“We have begun to create a new geopolitics of oil that is not at the service of the interests of imperialism and big capitalists,” the Venezuelan leader said yesterday. Unfortunately for him, subsidized arrangements do not last, and that is all Chavez is offering to his neighbors. The American vision of trade binding the region together is sustainable, but it is failing for a multitude of reasons. One of them is Boss Hugo, who blasted Washington. “Free trade doesn’t exist,” he said as he asked his fellow leaders to resist the failed “dictatorship of world capitalism.” Chavez may sound like a buffoon, but whether we like it or not, he is challenging the notions that underpin the West. It is time for President Bush—and the candidates seeking to replace him—to focus on the region that borders our own.

Yesterday, in the southern Cuban city of Cienfuegos, Venezuela’s Hugo Chavez opened the Petrocaribe Summit. The day-long gathering attracted about a dozen Latin American and Caribbean heads of state, including Nicaragua’s Daniel Ortega. Raul Castro, who is effectively running Cuba for his ailing brother, was there as well. American allies also showed up.

And it’s not hard to see why the meeting was well attended. Chavez, who sits on top of the world’s largest oil reserves outside the Middle East, was offering energy on easy terms. At present, Venezuela ships almost 100,000 barrels of subsidized oil a day to Cuba. Cuba pays for the oil by stationing thousands of its doctors in Venezuela, where they provide free care for the poor. Chavez, at the summit, wanted to extend the barter arrangement to other nations by accepting local products such as bananas and sugar.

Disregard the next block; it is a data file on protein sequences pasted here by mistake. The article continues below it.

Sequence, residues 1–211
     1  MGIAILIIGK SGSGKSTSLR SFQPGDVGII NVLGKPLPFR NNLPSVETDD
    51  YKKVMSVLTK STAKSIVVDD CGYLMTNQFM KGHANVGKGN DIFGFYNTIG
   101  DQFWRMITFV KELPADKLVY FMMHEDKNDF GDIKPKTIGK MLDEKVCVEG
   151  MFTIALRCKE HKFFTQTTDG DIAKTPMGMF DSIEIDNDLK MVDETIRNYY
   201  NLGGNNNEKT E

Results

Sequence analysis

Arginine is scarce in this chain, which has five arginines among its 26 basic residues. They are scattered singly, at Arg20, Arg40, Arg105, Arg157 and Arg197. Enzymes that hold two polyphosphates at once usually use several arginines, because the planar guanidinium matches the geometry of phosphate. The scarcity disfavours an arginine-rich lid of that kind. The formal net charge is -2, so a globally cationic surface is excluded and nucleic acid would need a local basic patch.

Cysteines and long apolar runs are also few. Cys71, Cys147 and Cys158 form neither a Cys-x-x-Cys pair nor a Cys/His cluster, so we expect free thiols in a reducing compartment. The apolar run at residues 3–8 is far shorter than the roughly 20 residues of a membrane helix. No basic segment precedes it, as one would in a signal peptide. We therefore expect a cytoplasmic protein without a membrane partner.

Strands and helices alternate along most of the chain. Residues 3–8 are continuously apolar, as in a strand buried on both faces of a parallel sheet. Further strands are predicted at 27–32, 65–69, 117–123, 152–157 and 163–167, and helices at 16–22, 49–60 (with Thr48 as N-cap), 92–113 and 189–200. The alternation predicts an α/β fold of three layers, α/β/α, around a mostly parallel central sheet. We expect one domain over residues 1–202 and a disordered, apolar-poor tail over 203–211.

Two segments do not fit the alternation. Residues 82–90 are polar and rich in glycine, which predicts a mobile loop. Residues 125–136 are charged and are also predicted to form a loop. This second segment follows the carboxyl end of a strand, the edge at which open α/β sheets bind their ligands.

The barter option—“a new mechanism” in the words of Chavez’s Oil Minister Rafael Ramirez—is already available to members of Petrocaribe, the Venezuela-funded energy alliance founded in 2005, but it does not appear to be widely used. That doesn’t mean Chavez’s “brothers” in the region have not been taking advantage of his largesse. In about a year, they have accumulated debts of almost $1.2 billion to Venezuela. Chavez thinks the debt will grow to $4.6 billion by 2010. At present, Petrocaribe members can defer payment of 40 percent of their oil bill and take as long as 25 years to pay Caracas with 1 percent interest when the price of crude exceeds $40 a barrel. Is it any wonder that even Honduras, a traditional friend to Washington, became the alliance’s seventeenth member yesterday? Guatemala may also want in.